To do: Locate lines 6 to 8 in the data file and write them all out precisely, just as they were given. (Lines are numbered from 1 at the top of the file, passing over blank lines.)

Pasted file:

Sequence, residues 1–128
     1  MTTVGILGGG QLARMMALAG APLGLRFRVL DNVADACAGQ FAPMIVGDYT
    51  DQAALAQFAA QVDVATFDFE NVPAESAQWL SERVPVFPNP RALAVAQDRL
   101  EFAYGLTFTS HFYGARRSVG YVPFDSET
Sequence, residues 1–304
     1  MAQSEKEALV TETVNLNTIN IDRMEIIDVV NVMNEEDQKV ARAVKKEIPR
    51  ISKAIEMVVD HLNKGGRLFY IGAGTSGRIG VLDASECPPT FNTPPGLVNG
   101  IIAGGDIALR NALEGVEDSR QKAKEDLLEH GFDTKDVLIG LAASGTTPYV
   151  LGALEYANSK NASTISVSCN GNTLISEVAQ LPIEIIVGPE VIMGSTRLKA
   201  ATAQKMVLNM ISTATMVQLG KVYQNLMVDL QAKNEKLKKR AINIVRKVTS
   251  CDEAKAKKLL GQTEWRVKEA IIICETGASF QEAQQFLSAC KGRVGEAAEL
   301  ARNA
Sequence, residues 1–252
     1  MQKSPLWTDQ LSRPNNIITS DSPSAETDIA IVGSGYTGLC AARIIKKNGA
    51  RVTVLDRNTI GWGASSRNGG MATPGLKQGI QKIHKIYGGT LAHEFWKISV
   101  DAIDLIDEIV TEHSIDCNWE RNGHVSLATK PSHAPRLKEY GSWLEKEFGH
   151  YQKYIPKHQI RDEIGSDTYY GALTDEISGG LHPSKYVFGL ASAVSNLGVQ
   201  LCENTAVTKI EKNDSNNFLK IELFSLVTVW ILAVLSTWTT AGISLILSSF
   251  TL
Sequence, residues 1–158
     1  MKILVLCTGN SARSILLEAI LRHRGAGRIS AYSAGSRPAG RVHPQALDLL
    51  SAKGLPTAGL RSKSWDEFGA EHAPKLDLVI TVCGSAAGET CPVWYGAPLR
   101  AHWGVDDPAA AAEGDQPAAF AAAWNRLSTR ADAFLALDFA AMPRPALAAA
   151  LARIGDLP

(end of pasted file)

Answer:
     1  MAQSEKEALV TETVNLNTIN IDRMEIIDVV NVMNEEDQKV ARAVKKEIPR
    51  ISKAIEMVVD HLNKGGRLFY IGAGTSGRIG VLDASECPPT FNTPPGLVNG
   101  IIAGGDIALR NALEGVEDSR QKAKEDLLEH GFDTKDVLIG LAASGTTPYV